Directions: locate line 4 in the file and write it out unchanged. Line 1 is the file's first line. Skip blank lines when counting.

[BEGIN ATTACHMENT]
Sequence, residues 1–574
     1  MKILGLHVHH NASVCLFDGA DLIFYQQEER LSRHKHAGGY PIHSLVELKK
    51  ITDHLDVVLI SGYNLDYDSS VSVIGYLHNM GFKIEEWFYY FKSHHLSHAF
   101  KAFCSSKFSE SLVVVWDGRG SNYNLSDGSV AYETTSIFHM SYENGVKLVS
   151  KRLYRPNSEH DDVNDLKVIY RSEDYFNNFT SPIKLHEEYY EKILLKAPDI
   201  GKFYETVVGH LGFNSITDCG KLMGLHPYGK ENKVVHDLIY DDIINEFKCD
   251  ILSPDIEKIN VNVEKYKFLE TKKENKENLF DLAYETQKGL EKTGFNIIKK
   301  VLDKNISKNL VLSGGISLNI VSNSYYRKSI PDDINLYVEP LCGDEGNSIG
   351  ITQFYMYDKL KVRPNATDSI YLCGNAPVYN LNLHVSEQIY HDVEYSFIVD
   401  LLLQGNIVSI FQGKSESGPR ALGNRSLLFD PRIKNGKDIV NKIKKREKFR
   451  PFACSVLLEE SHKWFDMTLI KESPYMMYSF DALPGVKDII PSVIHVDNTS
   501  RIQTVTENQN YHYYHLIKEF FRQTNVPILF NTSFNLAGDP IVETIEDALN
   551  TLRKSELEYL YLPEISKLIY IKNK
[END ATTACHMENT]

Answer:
   101  KAFCSSKFSE SLVVVWDGRG SNYNLSDGSV AYETTSIFHM SYENGVKLVS